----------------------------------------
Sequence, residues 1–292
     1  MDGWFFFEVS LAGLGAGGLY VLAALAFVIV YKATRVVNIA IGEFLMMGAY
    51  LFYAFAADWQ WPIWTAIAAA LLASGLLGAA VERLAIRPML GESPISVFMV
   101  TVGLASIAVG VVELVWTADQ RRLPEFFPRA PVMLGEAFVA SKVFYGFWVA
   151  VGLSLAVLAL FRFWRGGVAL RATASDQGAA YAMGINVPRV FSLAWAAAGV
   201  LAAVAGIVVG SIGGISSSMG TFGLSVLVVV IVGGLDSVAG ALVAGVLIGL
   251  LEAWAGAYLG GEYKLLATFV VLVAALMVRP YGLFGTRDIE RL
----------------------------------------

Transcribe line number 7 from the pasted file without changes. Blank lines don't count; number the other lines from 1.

   251  LEAWAGAYLG GEYKLLATFV VLVAALMVRP YGLFGTRDIE RL